Lew Blakey has spent his retirement serving the game of golf. The former mathematics and engineering professor has worked as a Rules official since the mid-1990s, and his assignments have included all four men’s major championships, with nearly 20 U.S. Opens on his resume.
So when asked to recount his favorite memory from his years as an official, many would expect a tale about a pivotal ruling during the final round of a major, or perhaps an interaction with a legendary player that the everyday fan could only dream about. Instead, the story Blakey told provides insight into the man his colleagues, as well as students from his PGA/USGA Rules of Golf Workshops, have come to revere for his knowledge and appreciation of the Rules and their history.
“The best war story I can tell happened in a high school tournament in Fairfax County, Virginia. It was the Northern Virginia High School Championship,” said Blakey, who proceeded to recount a situation in which a competitor played two balls when he was unsure of whether his ball was in ground under repair and was therefore entitled to relief (he was). The player in question would not become a household name; he was simply a teenager competing for his school, but the scenario interested Blakey, and he recalled that the competitor had followed the procedure exactly as called for under the Rules of Golf.
A deep passion and respect for Rules is what led Blakey, 83, to become a fixture as a Rules of Golf Workshop instructor. Blakey, who was recognized for 25 years of volunteer service to the game as an Ike Grainger Award recipient at the USGA’s Annual Meeting in February, taught his final workshop the following week, one of more than 30 he has taught since 2001. The workshop was in Bethesda, Md., a suburb of Washington, D.C., where the Annual Meeting took place. So it was a perfect opportunity for his colleagues to honor him for his many years of service in the classroom. The sendoff was fitting for the man who means so much to the Rules community, and to the workshops in particular.
“You talk in baseball about being a five-tool player. In these workshops, you can be a three-tool player – very few instructors have all three of those tools,” said David Staebler, the USGA’s director of Rules education.
“There are really three things that an instructor can bring to a Rules of Golf Workshop. One is a knowledge of the Rules and an ability to relate that. The second is a knowledge of the history of the Rules of Golf, where we’ve been and how we’ve gotten to where we are, and I don’t know if there’s anybody who is better at that. The third thing is the philosophical underpinnings of the Rules: the why. Depending on what the question is and what he’s trying to relate, he can call on any of those things.”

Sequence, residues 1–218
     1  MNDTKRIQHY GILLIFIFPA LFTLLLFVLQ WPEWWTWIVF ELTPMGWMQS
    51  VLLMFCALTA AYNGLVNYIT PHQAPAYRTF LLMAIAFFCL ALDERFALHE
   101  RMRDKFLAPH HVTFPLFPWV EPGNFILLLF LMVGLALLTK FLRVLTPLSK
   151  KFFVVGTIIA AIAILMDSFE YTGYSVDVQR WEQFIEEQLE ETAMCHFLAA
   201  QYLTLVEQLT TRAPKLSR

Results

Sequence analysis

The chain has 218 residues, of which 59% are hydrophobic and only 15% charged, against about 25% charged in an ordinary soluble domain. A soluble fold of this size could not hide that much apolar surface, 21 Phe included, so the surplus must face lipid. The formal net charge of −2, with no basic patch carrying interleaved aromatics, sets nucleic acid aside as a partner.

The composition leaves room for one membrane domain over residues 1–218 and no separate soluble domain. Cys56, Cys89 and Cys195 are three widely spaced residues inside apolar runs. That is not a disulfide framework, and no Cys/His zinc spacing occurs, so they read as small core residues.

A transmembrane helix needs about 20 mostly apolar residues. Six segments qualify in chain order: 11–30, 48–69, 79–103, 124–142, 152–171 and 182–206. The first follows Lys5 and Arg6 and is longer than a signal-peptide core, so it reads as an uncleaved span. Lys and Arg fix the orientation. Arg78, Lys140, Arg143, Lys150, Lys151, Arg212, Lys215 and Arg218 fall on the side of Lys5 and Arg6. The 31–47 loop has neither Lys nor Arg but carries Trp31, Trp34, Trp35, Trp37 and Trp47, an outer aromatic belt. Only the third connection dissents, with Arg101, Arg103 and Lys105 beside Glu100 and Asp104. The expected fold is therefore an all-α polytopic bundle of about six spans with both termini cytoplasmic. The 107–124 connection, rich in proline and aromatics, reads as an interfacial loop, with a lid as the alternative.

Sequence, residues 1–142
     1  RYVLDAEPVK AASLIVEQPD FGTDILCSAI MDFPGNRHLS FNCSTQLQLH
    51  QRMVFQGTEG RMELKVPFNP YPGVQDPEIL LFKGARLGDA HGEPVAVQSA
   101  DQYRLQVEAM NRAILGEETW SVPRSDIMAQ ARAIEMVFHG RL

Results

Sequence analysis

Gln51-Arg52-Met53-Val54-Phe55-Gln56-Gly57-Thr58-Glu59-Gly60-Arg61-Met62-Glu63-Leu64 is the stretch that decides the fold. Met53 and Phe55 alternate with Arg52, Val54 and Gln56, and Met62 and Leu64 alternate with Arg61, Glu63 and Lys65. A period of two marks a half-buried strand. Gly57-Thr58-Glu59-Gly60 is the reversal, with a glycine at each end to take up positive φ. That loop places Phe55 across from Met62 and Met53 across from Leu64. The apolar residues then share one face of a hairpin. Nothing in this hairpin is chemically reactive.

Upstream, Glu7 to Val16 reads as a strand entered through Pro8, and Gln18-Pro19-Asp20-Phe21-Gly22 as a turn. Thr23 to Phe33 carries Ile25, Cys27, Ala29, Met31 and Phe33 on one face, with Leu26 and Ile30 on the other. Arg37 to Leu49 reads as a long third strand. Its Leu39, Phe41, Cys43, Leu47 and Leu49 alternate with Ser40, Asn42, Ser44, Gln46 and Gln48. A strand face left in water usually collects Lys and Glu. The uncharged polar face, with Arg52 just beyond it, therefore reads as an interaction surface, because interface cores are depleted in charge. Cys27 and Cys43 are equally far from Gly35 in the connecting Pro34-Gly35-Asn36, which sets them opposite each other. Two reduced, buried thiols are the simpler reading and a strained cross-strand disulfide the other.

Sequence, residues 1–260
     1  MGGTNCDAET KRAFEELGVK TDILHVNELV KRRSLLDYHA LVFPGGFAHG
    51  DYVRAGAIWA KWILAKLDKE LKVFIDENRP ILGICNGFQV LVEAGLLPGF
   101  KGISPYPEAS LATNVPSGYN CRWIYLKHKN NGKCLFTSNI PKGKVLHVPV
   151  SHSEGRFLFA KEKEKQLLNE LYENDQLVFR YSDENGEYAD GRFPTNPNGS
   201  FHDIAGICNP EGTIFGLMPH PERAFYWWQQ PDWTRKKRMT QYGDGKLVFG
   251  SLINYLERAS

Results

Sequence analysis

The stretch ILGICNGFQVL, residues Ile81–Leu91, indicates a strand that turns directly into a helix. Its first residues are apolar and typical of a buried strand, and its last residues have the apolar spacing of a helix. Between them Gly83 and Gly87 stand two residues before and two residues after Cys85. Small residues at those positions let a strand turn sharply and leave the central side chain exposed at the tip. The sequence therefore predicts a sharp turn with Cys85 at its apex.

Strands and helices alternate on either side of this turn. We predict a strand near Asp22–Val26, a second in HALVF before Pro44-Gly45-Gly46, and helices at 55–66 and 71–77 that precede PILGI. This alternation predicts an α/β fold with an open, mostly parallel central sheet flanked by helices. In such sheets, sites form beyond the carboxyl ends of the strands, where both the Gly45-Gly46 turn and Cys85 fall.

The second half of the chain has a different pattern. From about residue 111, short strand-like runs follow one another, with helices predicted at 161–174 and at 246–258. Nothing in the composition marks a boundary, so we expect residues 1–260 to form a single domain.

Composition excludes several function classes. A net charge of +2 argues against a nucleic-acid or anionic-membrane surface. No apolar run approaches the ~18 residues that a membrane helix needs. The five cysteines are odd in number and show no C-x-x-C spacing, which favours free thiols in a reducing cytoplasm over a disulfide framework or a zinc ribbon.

PGA/USGA Rules of Golf Workshops take place across the country each year during the winter months, before the season gets started in earnest nationwide. Attendees are often there to prepare to officiate events, and Blakey’s years as an official – not just at the highest level of the game, but also for the Virginia State Golf Association and Middle Atlantic Golf Association – have instilled in him the importance of being prepared to respond to any scenario. It’s a mindset he brought with him to the classroom.
“I get started in November; I spend six or seven hours a day going through all the workshops that are current for that particular year, but then I’ve got a set of notes that have come up in workshops and I look at a lot of the old exams,” said Blakey, a former USGA Executive Committee member and one of the few people who has scored a perfect 100 on multiple workshop exams. “I have a 500-question exam, and I’ll go back through that and see if I can get them all right.”
His exam, dubbed by his peers the “Blakey 500,” has inspired much of the preparation materials used by workshop attendees and fellow instructors.
In Edinburgh, Scotland, a statue of John Rattray, the first captain of the Gentlemen Golfers of Leith and the signer of golf’s first set of Rules in 1744, is being constructed to celebrate their creation and Rattray’s role. To honor Blakey’s contributions to the Rules of Golf and his years as a workshop instructor and as an official, colleagues and friends affiliated with the USGA and PGA of America donated money to the Rattray statue fund in Blakey’s name. It’s a fitting tribute. Blakey’s years of service have left an indelible mark on the Rules of Golf.
Scott Lipsky is the manager of websites and digital platforms for the USGA. Email him at email@example.com.